For a while there in 2012 it seemed that if you randomly tossed a rock in Virginia it would likely hit someone either running for US Senate, or considering a run. The experienced, the known, the inexperienced and people no one had ever heard of all decided to run in that race. This year the same will almost certainly be said about candidates for Lieutenant Governor, and that list just keeps on growing. For you folks having some difficulty trying to keep score at home, here’s a quick primer on the Republican field as it looks in November, 2012:
Corey Stewart: Corey announced early and seemed to be an odds-on favorite when he had no other competition from Northern Virginia. Then the NoVA field of candidates exploded, Corey got all sorts of truly awful press about what was happening on the Prince William Board of County Supervisors, and whatever advantage he had entirely evaporated. Matters weren’t helped much by Corey’s selection of some of his campaign staff, who were rumored to have gotten caught previously trying to shop voter lists from the Cuccinelli campaign around and stealing mobile phones. Holding campaign fundraisers late in the 2012 cycle didn’t help either, especially after being pretty scarce for nominees in 2012. It’s uncertain whether this campaign will manage to limp it’s way to the convention before it simply bleeds out.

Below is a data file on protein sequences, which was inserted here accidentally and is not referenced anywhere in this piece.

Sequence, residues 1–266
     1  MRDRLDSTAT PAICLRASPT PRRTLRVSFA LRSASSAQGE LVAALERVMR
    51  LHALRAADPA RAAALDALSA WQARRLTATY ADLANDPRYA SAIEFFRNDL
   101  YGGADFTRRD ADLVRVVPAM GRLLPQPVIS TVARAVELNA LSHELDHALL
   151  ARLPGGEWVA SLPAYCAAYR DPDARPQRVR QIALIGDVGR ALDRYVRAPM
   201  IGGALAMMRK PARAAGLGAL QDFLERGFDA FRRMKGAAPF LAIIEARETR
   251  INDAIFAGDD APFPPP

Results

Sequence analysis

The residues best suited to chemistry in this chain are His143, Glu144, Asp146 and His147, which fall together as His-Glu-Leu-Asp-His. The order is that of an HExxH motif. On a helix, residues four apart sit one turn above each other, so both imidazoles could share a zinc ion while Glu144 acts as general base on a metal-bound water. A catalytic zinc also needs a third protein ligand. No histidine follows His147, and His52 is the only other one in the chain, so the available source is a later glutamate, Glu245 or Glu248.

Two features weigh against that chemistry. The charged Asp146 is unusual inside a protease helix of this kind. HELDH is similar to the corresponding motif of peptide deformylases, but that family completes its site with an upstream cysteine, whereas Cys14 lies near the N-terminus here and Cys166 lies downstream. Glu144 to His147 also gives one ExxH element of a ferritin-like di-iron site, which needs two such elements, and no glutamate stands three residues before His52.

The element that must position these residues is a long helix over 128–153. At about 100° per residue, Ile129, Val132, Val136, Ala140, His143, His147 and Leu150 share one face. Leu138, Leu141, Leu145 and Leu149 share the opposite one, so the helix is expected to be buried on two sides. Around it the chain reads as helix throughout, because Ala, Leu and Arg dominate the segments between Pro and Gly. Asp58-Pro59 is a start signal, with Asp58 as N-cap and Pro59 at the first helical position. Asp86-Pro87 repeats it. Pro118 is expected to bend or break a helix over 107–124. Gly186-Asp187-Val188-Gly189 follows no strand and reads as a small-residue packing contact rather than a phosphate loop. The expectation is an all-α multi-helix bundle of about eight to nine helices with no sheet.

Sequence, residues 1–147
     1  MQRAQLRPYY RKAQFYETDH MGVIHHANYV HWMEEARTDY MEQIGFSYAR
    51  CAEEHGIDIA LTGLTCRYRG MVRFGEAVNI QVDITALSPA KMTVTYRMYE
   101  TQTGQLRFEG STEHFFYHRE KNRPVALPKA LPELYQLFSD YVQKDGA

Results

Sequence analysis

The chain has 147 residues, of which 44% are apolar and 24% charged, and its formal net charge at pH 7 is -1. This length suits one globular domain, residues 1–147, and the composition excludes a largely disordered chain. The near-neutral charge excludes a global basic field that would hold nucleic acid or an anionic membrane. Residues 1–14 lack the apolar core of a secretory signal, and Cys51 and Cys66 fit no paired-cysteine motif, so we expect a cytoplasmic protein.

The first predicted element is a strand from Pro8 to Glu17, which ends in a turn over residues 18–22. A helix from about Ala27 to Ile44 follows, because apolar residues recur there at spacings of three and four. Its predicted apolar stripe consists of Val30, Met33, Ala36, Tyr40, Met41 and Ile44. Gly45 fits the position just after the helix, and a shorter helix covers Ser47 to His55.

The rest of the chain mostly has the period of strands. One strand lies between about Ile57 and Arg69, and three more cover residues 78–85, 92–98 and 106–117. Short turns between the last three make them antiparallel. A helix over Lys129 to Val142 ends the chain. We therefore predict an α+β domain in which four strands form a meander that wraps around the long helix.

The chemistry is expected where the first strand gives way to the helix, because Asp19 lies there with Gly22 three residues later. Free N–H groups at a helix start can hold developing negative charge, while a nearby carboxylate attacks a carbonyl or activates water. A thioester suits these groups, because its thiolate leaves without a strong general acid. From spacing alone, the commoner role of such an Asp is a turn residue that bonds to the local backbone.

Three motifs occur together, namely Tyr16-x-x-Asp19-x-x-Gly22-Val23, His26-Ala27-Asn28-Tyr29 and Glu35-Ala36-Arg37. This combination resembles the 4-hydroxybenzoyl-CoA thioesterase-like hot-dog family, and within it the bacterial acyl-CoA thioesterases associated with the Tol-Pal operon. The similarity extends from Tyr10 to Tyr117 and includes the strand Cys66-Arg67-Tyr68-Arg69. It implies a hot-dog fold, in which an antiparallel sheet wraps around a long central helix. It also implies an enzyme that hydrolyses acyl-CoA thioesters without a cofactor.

Steve Martin: Martin has been one of the so-far-few Richmond-area candidates to emerge in this race, and for that reason is likely a contender. His record in the Senate of Virginia is pretty lackluster, he’s not known as a dedicated campaigner, and although he has a very pleasant tenor voice his people skills make one wonder how he ever got elected to office in the first place. The establishment probably will like Martin, but the grassroots who tend to have the pull in a convention may not be quite as excited.
JeanneMarie Devolites Davis: NoVA remembers all too well Davis bringing New York Mayor and dedicated gun-grabber Michael Bloomberg to campaign for her during her debacle in 2007 as she tried to run to the left of Chap Peterson on Second Amendment issues. Having her on the ticket is a long awaited opportunity for the rather politically muscular Virginia gun rights advocates to exact all of the revenge on Davis that they didn’t have a chance to fully dispense back then, and it doesn’t seem like they’re leaving anything left in the cartridge box on this one. Hopefully Davis will remain in this race long enough for them to finally vent all of their bitterness to completion, which might be the only positive outcome of this bizarre campaign. I have no idea what sort of psychosis Davis is suffering from to make her think this was a good idea.
Scott Lingamfelter: With a very good, longstanding record from the General Assembly where Lingamfelter sponsored and saw passed plenty of conservative initiatives and strong connections with the VMI crowd, this is a candidate with solid conservative appeal and a decent connection to influential pockets all across the Commonwealth. Lingamfelter is a real hunter (not just someone who parades around in a brand-new outfit from Cabella’s and doesn’t know how to carry shotgun), a combat veteran, an experienced legislator and one of the very best orators in Virginia. His challenge is building a lot of support outside of NoVA and showing us he knows how to fundraise more than he’s shown us in the past. If he meets this challenge, he might well be the favorite in this race.